CyberKnife is an advanced technology for non-invasive, painless radiosurgery that offers sub-millimeter precision in the treatment of cancer anywhere in the body.
CyberKnife is an advanced linear accelerator designed for cancer treatment. It can be used to treat cancerous and noncancerous tumors and some other conditions where radiation therapy is appropriate. CyberKnife is composed of a linear accelerator weighing 140 kg, which produces 6 MV x-rays, positioned on an industrial robot with six joints and a robotic patient couch that can move in six directions. The treatment device turns the patient around using computer-controlled robot technology and applies radiation from hundreds of angles. The robot has a sensitivity of 0.2 mm. Using this system, cancerous areas in the brain and all over the body can be treated with high doses of radiation. Normal tissues are highly protected from the effects of radiation.
CyberKnife is applied by placing a plastic mask or body immobilizer on the patient, without the need for a surgical procedure. During treatment, the patient is placed on a robot-controlled table that can move six-dimensions. An image-capturing system tracks the tumor’s location and monitors the patient’s movements to change the positioning if necessary. This helps with the safe treatment of lung and liver tumors that move with respiration. During the treatment, the patients do not have to hold their breath or breathe regularly. The system compares the computerized tomography and magnetic resonance images taken before treatment with the instant images taken during treatment. The tumor coordinates that are obtained are instantly assessed with the help of the computer, and the radiation dose is adjusted. Therefore, the treatment is not affected by the small movements of the patient. The delivered radiation dose is limited to the tumor, and damage to the surrounding healthy tissue is kept to a minimum. The results of the procedure appear gradually over time, and the tumor shrinks.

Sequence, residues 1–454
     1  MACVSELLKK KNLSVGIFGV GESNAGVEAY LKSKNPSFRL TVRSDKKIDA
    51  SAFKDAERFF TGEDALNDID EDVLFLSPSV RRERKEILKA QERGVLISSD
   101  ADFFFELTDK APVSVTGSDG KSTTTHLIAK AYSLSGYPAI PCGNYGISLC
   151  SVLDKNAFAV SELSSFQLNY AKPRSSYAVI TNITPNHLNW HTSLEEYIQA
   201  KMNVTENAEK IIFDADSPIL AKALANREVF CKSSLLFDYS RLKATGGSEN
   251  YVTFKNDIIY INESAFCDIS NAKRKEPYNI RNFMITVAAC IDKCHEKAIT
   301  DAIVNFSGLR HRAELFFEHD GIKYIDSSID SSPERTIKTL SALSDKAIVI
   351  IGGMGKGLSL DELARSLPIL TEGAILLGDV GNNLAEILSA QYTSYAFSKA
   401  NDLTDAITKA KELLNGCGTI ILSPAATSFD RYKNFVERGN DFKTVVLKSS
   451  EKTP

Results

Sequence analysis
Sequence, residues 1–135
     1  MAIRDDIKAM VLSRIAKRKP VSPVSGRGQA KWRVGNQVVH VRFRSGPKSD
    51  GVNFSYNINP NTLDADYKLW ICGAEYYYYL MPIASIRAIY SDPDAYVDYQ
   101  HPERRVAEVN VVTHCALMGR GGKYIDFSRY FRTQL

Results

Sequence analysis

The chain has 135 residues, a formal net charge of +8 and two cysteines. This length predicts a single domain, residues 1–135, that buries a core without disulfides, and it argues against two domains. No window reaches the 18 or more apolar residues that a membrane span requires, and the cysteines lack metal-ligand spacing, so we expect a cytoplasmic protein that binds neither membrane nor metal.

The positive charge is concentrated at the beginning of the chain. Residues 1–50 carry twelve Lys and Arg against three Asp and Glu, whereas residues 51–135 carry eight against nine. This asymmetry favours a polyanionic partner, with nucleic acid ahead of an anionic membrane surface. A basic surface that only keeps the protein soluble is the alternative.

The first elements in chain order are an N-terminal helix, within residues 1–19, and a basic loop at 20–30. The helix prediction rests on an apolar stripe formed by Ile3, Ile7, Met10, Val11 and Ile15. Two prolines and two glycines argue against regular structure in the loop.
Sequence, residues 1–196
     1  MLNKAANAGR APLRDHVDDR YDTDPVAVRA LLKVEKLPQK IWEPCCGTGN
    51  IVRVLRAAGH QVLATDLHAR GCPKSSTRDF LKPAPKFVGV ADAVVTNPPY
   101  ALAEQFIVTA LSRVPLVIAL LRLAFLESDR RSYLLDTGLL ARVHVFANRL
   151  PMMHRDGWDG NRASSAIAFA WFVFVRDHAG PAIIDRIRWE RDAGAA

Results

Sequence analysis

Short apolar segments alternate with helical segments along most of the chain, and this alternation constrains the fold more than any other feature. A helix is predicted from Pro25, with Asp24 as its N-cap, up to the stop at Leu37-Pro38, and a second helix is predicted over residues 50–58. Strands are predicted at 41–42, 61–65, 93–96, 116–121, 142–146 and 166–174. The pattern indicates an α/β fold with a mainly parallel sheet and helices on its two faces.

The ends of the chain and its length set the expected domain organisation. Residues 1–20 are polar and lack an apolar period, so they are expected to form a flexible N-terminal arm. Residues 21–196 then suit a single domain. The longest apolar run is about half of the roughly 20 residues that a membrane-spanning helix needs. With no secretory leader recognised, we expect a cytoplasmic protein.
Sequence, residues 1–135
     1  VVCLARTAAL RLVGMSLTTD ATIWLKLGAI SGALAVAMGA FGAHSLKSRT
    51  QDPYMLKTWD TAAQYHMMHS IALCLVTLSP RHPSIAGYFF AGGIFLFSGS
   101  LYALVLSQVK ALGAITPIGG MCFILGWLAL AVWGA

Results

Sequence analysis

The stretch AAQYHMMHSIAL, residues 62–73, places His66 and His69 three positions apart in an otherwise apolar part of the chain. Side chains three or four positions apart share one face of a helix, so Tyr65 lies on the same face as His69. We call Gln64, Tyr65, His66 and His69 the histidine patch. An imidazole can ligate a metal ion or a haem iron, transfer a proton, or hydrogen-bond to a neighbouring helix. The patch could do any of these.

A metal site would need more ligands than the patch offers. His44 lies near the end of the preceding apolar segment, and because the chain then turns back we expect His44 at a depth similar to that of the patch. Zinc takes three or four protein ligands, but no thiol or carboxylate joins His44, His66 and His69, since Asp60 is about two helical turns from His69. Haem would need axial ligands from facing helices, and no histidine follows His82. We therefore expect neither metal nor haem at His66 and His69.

CyberKnife can deliver stereotactic radiosurgery (SRS) and stereotactic ablative radiotherapy (SABR). SRS is an alternative to surgery that does not involve incisions. Instead, it uses focused beams of radiation to treat cancerous tissues with surgical precision. The aim is the destruction of the tumor in a single session through high doses of radiation. When this treatment is delivered in more than one session (usually 3–5 sessions), it is called stereotactic radiotherapy. Unlike the Gamma Knife device, which is designed to perform radiosurgery mainly on brain lesions, CyberKnife can deliver treatment anywhere in the body. This is usually called stereotactic body radiotherapy (SBRT) or SABR. SABR applies high doses to the target areas with extreme accuracy, causing minimal damage to surrounding healthy tissues.
CyberKnife can be used for the treatment of cancer anywhere in the body when radiation therapy is indicated. It is preferred for the treatment of malignant and benign tumors, metastases, arteriovenous malformations, and some functional diseases. However, patients should consult their physician to determine if this treatment is right for them.
Among others, CyberKnife can be used to treat the following conditions: